Jonathan Spalter

Funding the Future of Universal Connectivity

Policymakers around the globe are discussing how best to keep broadband networks strong, resilient, and connecting as many people as possible for the long haul. This investment has long been the purview of broadband providers as well as government funding. But more than 30 years since the first honk and screech of commercial dial-up, there is a conspicuously empty seat at the collective table of global high-speed connectivity.

Today, six companies account for half of all internet traffic worldwide. These six companies have a combined market cap of $9 trillion. It’s a far cry from their garage start-up days, and without question, they are tremendous American success stories.

But three decades later, the question is being asked: Does it still make sense that the government and broadband providers alone fund this critical infrastructure? Is there no shared obligation from the primary financial beneficiaries of these networks – the world’s most powerful internet companies?

Right now, the EU has a consultation underway to consider “the potential need for all players benefitting from the digital transformation to fairly contribute to the required investments.” Specifically, the EU is evaluating a model proposed by European telecom operators that would require large traffic generators to pay network support contributions directly to broadband providers rather than to a government fund that supports national connectivity objectives.

As the U.S. government correctly notes in its recent comments on the consultation, the proposed model varies significantly from the approach taken in this country to advance universal, high-speed connectivity. In the U.S., broadband providers commit the lion’s share of infrastructure investment – roughly $102.4 billion annually – to fund network expansion, maintenance, and upgrades. And these primary investments are supplemented in high-cost areas by public Universal Service Fund (USF) resources as well as Congressional appropriations that reflect the broad national mandate to connect all Americans, including high-cost rural areas, low-income consumers, as well as schools and hospitals. We concur with the U.S. government’s position that rather than the payments to broadband providers proposed in the EU, such “publicly accountable funding mechanisms can better ensure that resources are devoted to key policy objectives, such as improving access and strengthening network security, while avoiding discriminatory measures that distort competition.”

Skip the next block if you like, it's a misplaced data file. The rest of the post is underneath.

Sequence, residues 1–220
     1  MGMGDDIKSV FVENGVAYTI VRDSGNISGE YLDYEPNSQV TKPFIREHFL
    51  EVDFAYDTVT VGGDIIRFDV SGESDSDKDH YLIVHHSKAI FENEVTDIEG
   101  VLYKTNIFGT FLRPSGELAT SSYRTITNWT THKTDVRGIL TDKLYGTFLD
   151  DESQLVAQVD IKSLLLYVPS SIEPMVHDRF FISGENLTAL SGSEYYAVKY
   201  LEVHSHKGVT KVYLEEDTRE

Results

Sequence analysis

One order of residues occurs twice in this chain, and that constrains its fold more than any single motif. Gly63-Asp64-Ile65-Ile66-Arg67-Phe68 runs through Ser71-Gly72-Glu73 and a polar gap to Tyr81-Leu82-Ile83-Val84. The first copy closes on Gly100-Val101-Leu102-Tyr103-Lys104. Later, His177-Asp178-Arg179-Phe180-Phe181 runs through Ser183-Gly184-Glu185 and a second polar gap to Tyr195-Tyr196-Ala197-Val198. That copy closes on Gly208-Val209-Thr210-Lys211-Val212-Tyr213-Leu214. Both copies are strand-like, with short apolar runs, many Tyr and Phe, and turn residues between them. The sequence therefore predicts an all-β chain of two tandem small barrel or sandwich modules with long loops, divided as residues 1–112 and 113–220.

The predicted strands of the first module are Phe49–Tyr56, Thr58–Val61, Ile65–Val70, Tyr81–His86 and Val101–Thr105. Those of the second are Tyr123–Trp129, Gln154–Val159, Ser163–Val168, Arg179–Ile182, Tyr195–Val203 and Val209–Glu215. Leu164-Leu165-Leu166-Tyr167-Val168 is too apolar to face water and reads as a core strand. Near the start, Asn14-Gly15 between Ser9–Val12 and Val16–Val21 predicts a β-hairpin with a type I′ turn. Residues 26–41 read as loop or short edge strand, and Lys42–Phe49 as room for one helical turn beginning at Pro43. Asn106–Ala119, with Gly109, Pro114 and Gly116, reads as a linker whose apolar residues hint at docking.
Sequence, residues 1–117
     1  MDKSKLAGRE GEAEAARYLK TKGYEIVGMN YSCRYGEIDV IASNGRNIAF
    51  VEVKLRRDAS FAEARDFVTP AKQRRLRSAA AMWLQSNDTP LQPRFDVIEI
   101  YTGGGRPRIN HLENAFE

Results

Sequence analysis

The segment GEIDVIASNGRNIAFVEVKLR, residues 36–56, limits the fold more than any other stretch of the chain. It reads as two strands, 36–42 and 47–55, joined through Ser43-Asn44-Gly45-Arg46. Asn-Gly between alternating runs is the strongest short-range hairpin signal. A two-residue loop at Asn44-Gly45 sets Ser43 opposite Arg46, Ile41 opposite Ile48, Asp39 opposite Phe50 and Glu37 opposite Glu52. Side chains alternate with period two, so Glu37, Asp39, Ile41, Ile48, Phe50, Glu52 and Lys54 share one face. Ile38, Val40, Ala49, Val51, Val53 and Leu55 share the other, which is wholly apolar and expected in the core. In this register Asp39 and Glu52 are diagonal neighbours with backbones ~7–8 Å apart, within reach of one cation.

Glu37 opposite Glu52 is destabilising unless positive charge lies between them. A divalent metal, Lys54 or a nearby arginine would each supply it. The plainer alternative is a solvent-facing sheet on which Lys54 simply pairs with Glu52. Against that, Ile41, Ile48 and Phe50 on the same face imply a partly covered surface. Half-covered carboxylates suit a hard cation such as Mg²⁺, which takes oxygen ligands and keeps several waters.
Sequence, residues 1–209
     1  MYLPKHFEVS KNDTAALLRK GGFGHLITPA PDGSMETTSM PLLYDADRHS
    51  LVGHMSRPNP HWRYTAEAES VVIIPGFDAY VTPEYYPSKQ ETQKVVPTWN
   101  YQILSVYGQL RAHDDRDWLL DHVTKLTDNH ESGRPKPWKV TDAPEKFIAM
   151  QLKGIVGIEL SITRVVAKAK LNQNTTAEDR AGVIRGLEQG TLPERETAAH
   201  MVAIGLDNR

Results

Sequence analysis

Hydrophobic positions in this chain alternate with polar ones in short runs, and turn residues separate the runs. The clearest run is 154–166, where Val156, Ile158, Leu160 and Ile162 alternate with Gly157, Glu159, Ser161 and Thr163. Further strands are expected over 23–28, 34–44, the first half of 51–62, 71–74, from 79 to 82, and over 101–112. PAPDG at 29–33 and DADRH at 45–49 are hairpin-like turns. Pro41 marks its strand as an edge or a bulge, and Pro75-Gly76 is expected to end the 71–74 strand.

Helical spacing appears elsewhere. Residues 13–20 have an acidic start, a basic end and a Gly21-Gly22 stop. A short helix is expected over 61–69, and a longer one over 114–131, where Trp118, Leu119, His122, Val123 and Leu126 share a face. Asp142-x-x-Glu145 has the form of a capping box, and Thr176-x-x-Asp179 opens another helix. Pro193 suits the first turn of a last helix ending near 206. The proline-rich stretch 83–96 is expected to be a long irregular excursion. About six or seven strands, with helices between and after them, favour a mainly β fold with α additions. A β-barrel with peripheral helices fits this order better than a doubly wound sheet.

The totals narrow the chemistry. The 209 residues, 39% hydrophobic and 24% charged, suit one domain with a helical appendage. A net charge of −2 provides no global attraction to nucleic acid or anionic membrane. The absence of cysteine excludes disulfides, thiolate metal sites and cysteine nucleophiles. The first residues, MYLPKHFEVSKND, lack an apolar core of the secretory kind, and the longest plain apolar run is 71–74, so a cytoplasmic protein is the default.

In fact, bipartisan leaders on Capitol Hill are weighing just such an approach – examining whether large tech companies who undoubtedly benefit from America’s broadband infrastructure should join the shared obligation of ensuring a sustainable future for our nation’s commitment to universal service. Indeed, the Senate Committee on Commerce, Science and Transportation held a hearing and launched a working group just last month on this timely topic.

These leaders are right to infuse a sense of urgency into this work. When the USF was first created in the mid-1990s, Amazon was a mere bookstore and the meager 20 million Americans who were connected to the Internet spent just 30 minutes a month online. While the world has changed dramatically since then, the mechanism for USF contributions has remained trapped in amber, collecting assessments from a dwindling base of wireline telephone customers—many of whom are older Americans on a fixed income.

We need a modern reset that more equitably shares these financial obligations among those who benefit the most from these connections. In its response to the EU, the U.S. government highlighted the key role the USF plays in achieving and sustaining a truly connected nation. To secure its future, the time has come to fill that empty chair at the table.